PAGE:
Loosely secure the bracket to the studs at the tub's head. The valves should be 9" to 10" above the rim of the tub; the distance from the valve center and spout ejector to the face of the finished wall should be at least 3" and not more than 3 1/2", and the spout ejector should be centered above the tub outlet.

If you do not plan to install an overhead shower, the only connections that have to be made are those for the hot and cold water-supply piping. Remember that hot water should be delivered to the left valve.

Most valve unions are designed to receive conventional piping; you will have to use adapters for copper tubing, if used.

Perhaps the valve assembly you are working with contains openings situated in the top of the valves and possibly another centrally located in the pipe joining them. These openings are intended for shower piping, and since they are not going to be used they will have to be sealed. Do this by using 1/2" plugs.

Run your supply pipes and join them loosely to the valves. Make certain that the valve assembly is level before tightening the connections. After doing this, screw or nail the supporting bracket to the studs.

Before walling up the area, attach the tub spout and fill the tub to the overflow. Discharge the water and carefully inspect the service and drainage piping. It is much easier to locate and correct deficiencies at this point than after walling up. If everything works, remove spout and faucet trim and wall the area.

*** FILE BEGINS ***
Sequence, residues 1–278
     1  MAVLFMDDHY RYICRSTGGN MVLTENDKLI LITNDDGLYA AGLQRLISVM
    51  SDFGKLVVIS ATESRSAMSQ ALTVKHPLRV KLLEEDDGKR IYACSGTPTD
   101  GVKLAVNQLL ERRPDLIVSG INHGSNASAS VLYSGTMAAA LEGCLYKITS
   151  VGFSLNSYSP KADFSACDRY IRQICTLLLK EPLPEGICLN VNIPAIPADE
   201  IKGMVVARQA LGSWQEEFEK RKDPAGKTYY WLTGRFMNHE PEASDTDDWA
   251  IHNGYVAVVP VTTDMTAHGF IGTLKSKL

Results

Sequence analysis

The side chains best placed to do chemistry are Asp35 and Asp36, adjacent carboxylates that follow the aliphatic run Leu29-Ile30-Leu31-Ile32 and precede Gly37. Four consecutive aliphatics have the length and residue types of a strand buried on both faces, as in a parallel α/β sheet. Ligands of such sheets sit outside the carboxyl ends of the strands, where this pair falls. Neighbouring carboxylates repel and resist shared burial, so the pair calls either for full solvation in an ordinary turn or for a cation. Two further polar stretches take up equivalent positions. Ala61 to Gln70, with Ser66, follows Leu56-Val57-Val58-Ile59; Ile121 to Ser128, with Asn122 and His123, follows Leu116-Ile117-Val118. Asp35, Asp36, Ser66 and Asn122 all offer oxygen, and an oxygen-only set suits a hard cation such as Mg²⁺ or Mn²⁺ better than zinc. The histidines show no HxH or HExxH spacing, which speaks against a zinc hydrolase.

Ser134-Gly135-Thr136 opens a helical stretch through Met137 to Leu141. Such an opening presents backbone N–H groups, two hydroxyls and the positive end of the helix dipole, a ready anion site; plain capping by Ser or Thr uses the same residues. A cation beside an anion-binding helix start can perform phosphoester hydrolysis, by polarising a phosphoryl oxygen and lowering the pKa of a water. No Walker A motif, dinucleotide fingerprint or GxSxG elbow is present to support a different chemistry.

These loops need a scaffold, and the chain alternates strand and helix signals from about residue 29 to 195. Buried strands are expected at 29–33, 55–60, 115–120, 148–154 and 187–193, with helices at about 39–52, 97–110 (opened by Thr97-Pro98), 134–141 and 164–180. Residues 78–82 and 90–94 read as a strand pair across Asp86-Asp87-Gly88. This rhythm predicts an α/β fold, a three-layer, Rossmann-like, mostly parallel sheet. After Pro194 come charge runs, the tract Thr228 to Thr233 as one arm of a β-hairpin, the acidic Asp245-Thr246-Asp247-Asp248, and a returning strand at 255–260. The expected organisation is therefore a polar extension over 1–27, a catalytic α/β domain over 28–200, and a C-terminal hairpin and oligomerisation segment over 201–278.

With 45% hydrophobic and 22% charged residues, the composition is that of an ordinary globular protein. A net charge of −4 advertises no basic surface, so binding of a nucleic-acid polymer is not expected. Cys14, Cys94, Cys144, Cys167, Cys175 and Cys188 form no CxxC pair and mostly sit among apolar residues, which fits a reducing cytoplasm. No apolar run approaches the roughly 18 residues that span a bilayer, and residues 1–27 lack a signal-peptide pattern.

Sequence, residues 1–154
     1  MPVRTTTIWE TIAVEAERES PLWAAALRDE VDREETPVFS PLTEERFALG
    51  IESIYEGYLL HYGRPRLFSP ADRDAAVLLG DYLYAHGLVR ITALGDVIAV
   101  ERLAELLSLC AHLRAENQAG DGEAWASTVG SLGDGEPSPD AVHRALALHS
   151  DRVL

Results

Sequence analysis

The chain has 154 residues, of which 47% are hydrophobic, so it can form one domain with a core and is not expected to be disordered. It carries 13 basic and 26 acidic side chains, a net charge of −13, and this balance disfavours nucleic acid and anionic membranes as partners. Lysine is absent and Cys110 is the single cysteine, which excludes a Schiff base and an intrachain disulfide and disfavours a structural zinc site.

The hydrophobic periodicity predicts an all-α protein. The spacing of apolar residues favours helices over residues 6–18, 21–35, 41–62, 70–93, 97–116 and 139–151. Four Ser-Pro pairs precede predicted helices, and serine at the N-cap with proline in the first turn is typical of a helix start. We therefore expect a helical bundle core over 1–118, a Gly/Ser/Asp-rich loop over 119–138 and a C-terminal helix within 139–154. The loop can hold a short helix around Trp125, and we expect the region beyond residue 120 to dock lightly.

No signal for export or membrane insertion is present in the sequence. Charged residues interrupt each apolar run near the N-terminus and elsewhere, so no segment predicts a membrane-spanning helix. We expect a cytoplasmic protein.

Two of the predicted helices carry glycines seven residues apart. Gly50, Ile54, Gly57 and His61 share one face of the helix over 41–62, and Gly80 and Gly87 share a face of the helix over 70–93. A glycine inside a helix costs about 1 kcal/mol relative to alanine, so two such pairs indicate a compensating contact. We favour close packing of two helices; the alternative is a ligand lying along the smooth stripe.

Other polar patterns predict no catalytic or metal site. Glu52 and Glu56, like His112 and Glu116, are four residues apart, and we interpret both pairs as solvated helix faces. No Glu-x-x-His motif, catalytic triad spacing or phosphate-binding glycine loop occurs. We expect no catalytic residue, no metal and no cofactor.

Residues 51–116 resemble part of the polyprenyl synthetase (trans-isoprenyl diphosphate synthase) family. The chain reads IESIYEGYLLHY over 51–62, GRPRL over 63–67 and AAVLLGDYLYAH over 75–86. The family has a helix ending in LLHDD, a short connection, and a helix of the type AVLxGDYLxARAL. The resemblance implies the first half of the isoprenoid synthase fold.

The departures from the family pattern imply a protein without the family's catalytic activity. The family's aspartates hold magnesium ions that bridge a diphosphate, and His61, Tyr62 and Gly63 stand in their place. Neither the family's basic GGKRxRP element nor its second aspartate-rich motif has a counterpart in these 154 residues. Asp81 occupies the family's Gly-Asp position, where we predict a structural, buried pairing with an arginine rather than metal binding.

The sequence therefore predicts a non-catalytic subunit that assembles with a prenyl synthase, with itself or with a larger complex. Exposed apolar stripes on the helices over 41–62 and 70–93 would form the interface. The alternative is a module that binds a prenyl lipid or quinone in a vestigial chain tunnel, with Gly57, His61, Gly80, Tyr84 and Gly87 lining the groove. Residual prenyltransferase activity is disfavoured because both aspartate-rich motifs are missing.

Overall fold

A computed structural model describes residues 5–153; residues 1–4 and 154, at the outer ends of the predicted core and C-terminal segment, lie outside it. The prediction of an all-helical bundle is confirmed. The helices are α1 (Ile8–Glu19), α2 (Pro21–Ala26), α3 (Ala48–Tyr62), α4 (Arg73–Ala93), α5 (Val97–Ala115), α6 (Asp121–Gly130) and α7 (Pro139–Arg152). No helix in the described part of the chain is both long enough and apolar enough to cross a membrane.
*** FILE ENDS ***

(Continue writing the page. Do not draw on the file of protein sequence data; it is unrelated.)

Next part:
Tub showers

The logical time to provide an overhead shower is when the valve assembly for a built-in tub is being installed. A shower can be added with little expense and a minimum of effort at this time.

A highly satisfactory shower that allows you to premix the water to the desired temperature before stepping into it can be controlled by a diverter attached to the valve assembly, or the tub spout. The installation consists of a single riser pipe connected from a fitting situated between the hot and cold water valves. The pipe should be run to a point between 6 1/4 and 6 1/2 feet above the bottom of the tub. Here a 90°' elbow for securing the shower arm is added.

Separate controls, for an overhead shower can be installed. The only advantage this type of arrangement offers is in permitting regulation of the hot and cold water valves without stooping. It does not, of course, require a diverter.